In a new effort to temper the rising COVID-19 spread, the Shelby County Health Department just issued a new health directive imposing new restrictions on “high risk settings,” including restaurants, bars, and gyms, which took effect on November 23. To account for the financial impact that Health Directive No. 15 may have on businesses, the Health Department announced a new program that will provide grants of at least $5,000 “for any business that faces closures of at least 30 days that is substantially related to Health Directive No. 15.” What do area employers need to know about this latest development?
What New Requirements Are Imposed On Businesses?
Designating bars and restaurants as “high-risk settings” for the transmission of COVID-19, the new Health Directive allows all restaurants and bars, including businesses that allow customers to bring their own alcoholic beverages for onsite consumption, to remain open with the following restrictions:
- Seating Restrictions: Guests must be seated while eating or drinking, and customers may not stand, sit, gather, or order at bar counters (bar counters must be closed for seating). Additionally, no more than six customers (four adults maximum) may be seated at the same table, guests seated together must be members of the same household, and guests at one table must be spaced at least six feet away from any person at another table.
- Mask Requirements: All bars and restaurants must require customers to wear masks or face coverings at all times, except when “the customer is actually eating a bite of food or drinking a beverage.”
- Occupancy Limits: All indoor seating must be limited to 50% capacity.
- Service Curfews: All food and beverage services must close at 10:00 p.m.; however, any guests who are already receiving services by 10:00 p.m. may remain in the restaurant until 10:30 p.m. to complete payment arrangements. Curbside, drive-through, and delivery services may continue after 10:00 p.m. (food and non-alcoholic beverages only). Additionally, only staff needed to close, open, clean, or operate curb-side/delivery services may be in any establishment between the hours of 10:30 p.m. and 5:00 a.m.
In addition to bars and restaurants, the above requirements also apply to clubs, bowling alleys, adult entertainment venues, movie theaters, family entertainment venues, club houses, and any other establishment that allows for on-site consumption of food and/or alcoholic beverages.
The new Health Directive also requires other businesses (those that do not serve food/alcohol for on-site consumption) to comply with the following requirements:
- Consumption of Food/Beverages Prohibited. Any business that does not have a permit to sell food and/or alcoholic beverages for onsite consumption cannot allow customers to engage in onsite consumption of food and/or beverages.
- Mask Requirements: All businesses must require customers to wear a mask or face covering at all times, unless showering or using a pool.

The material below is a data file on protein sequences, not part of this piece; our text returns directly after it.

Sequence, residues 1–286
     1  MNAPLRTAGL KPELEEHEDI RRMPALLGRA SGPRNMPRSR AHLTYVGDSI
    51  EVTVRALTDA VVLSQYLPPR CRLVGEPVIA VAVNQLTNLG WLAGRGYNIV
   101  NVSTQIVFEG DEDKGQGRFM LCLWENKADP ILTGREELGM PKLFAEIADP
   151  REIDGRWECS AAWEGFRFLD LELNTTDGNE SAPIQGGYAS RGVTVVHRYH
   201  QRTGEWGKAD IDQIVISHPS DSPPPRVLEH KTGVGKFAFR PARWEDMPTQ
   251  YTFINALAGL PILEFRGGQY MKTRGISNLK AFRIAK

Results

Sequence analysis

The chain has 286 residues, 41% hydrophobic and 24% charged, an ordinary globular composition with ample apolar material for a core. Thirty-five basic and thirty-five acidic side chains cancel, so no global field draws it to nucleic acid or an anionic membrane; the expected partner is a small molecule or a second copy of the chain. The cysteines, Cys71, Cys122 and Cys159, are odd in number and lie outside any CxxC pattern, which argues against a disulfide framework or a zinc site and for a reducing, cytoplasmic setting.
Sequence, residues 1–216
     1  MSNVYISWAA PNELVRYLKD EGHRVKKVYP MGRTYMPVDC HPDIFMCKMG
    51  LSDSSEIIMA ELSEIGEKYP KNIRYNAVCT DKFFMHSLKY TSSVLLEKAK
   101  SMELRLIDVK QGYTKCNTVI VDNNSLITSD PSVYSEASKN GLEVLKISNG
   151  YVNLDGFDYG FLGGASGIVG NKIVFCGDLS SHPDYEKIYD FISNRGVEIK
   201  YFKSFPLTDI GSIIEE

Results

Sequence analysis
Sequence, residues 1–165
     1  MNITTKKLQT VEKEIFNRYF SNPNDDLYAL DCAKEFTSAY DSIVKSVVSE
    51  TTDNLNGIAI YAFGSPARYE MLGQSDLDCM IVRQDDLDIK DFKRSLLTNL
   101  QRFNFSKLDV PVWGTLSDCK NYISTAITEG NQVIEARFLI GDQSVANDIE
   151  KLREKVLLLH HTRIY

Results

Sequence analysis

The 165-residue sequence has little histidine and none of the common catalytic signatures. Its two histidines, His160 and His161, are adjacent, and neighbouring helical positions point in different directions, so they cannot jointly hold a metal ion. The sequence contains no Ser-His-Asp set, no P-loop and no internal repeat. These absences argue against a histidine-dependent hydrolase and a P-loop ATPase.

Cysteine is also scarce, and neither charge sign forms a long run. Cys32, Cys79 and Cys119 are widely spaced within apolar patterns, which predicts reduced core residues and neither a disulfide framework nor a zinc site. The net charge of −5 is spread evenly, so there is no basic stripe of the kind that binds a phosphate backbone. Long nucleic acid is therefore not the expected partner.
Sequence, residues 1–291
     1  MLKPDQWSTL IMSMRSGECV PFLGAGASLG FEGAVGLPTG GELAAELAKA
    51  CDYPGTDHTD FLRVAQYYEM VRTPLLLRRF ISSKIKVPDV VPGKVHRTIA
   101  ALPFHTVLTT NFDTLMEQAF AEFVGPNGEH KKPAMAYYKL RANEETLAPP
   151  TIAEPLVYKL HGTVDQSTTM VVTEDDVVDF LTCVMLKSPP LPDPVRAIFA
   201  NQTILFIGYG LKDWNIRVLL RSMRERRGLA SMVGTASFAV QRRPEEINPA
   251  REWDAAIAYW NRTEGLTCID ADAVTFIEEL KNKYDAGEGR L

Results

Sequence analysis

- No Smoking: Smoking indoors in any establishment is prohibited, including in businesses that have onsite hookah, cigar, or vaping activities.
- Large-Scale Events Prohibited: No festivals, parades, or large-scale sporting or community events may occur without prior Health Department approval of a site-specific plan.
Additionally, the Directive reiterates previously issued health and safety requirements, including prohibiting customers and employees from entering the building if experiencing COVID-19 symptoms; conducting health screenings and temperature checks of employees prior to each shift; routine cleaning and disinfection of surfaces, equipment, and work areas; mask requirements; and social distancing measures. The full list of requirements may be found in the Health Directive.
What Are The Penalties For Non-Compliance?
The Health Department is authorized to close, for a minimum of 14 days, any business that refuses to comply with the current safety measures, creating an unsafe environment for members of the public. If this occurs, the business will be required to submit a safety reopening plan for the review and approval by the Health Department prior to resuming operations.
Additionally, non-compliant businesses may lose state or local licenses or permits that allow them to serve the public and a misdemeanor fine of up to $2,500 per incident may be assessed.
What Should Employers Do?
- Create a Policy. If you have not already done so, you should create and distribute a mask/face covering policy applicable to all employees. The policy should be specific as to when employees and customers are required to wear masks and proper mask usage.
- Train Your Employees on Your Policy and Other COVID-19 Related Concerns. If you have not already, you should train your employees regarding COVID-19, preventive measures you are taking regarding COVID-19 and imposed safety measures. You should also educate your employees on proper protocol for requiring patrons to wear mask, imposing social distancing requirements, seating restrictions, limiting groups, building occupancy, and service hours.
- Put Up Signs. You should post signage at the entrance of your business and in high-traffic areas informing employees and members of the public of the requirement to wear a mask while inside the business and, if applicable, reduced operational hours and seating/capacity restrictions.
- Consider Applying For A Grant. If your business faces a closure of at least 30 days, you should consider applying for one the grants established by the county authorities to assist you through this crisis. At this time, it is unclear what criteria will be used in determining which business will qualify for the grant. Additional details on the grant program are expected soon.